During the year, the education executive did not get the training credits technology investment but continued to help the sales team sell training packages as part of software deals in an inefficient and manual way. It was slow and frustrating trying to help the sales team understand which training should be sold to which customers and for which reasons. Especially to customers who know they need training, but just don’t know who needs training or what training they need or when they will need it.

How could customers know all that before they even buy the software?

Many training sales were lost.

One year later, the CFO leaves, as often happens in Silicon Valley, and a new CFO come in.

The customer education executive meets with the new CFO, makes the same case: "I want to invest $60,000 in this learning technology to sell, deliver, and track training credits, and I know we can do $1 million in sales this year."

The new CFO responded, “Just send me an email with those exact words, and I will approve it immediately."

Same case.

Different decision.

Why is this?

We couldn’t possibly get into the subjective world of personality and temperament differences that may have influenced these two decisions, but we can and should talk about materiality.

What is materiality?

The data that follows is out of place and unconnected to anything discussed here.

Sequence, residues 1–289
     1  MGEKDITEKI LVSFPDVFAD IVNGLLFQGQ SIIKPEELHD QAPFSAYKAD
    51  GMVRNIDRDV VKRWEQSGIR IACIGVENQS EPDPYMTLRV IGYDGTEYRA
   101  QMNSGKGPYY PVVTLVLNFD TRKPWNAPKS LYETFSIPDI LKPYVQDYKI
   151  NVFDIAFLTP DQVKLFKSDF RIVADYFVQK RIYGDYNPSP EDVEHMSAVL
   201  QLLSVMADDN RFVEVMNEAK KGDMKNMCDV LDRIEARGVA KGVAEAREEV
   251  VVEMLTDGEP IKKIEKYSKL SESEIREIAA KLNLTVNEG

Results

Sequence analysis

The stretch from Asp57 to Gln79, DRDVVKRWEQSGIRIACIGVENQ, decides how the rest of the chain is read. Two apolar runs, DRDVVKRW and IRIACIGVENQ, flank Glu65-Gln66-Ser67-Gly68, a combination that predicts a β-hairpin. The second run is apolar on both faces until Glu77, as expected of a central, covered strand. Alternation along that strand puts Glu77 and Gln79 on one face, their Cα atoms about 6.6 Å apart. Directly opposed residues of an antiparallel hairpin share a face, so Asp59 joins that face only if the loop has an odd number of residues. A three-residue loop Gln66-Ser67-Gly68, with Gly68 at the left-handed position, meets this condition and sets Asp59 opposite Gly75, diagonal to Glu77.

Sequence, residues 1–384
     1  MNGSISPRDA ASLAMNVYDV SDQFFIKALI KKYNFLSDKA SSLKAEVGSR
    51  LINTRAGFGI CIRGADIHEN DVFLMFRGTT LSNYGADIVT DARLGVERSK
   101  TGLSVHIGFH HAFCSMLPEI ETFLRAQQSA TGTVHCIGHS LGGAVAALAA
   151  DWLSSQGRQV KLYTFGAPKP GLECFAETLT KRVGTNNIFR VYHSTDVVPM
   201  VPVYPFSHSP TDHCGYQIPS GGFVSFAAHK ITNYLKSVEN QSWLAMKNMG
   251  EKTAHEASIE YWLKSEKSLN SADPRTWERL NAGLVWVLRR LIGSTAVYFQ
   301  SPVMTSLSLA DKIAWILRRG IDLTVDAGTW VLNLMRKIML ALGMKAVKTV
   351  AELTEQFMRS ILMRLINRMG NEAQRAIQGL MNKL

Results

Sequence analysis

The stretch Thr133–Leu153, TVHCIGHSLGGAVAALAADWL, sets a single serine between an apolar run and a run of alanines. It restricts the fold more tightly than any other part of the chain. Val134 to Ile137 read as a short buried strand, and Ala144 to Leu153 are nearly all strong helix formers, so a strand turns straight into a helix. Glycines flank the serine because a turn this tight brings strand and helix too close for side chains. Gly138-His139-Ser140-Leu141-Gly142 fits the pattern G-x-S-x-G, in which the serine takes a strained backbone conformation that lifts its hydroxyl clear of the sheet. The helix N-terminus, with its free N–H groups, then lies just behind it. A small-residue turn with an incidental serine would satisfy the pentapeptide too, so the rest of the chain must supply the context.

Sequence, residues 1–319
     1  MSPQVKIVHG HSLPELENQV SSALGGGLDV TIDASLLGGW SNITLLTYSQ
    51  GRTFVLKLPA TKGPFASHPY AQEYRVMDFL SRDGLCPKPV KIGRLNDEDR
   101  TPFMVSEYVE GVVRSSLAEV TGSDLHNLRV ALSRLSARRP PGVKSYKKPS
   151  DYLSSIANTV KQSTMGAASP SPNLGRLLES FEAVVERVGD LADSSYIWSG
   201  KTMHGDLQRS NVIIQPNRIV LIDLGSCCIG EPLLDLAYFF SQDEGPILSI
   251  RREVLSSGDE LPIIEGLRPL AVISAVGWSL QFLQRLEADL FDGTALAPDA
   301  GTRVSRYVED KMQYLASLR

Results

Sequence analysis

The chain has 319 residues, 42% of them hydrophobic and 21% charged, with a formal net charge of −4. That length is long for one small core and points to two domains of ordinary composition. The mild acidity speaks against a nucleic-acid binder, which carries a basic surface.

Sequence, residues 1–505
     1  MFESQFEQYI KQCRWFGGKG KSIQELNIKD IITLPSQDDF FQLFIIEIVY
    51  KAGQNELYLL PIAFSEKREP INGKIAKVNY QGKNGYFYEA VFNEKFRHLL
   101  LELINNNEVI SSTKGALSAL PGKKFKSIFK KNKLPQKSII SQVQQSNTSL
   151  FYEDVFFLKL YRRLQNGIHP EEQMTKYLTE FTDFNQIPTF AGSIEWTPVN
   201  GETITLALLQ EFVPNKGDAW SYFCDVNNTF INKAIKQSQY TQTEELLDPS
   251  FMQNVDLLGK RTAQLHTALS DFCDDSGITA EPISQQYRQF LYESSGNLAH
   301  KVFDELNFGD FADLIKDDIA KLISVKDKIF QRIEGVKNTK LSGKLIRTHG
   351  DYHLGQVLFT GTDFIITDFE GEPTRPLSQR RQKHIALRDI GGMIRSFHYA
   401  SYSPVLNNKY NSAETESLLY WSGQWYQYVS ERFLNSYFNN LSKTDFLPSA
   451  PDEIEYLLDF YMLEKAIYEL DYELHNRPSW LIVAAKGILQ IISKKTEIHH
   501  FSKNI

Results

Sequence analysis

In financial accounting, numbers that are material are significant enough that they should be reported in financial statements. If numbers are immaterial, they do not need to be reported on financial statements.

Right there….the concept of materiality alone is a subjective one. What one company might classify as material, another might not. What one CFO might classify as material, another might not.

Let’s look at an example.

You might be doing $1,000,000 in training revenue but your company as a whole is doing $4 billion in total revenue. One CFO might consider your $1,000,000 immaterial. Another CFO might consider that material. Both CFOs read the latest definition of materiality from the International Accounting Standards Board (IASB):

“Information is material if omitting, misstating, or obscuring it could reasonable be expected to influence the decision that the primary users of general purpose financial statements make on the basis of those financial statements, which provide financial information about a specific entity.”

Each CFO comes to a different conclusion.

Would omitting $1,000,000, as a line item in the financial statements influence whether VCs invest in your company?

Ask your CFO.

Which CFO do you work for?

You still need to build a good business case for customer education (or any program). It’s just that you need to know what your finance team (or approvers of your program) care about. Ask them. Because different teams evaluate these cases differently it is useful to learn what they care about and tailor your pitch to there needs.

Some understanding of materiality helps. Using that language helps. Asking your CFO what level of training sales they would consider material will help you understand what kind of business case to make.

If a CFO considers your forecast level of training sales material, you want to make a business case more focused on the numbers, accuracy of the numbers and tracking of the numbers. If your CFO does not consider your level of forecasted revenue material, you might want focus your business case on customer satisfaction, product use, and customer onboarding efficiently metrics.

Either way, it is better to generate immaterial revenue than produce no revenue at all and be classified as a cost center.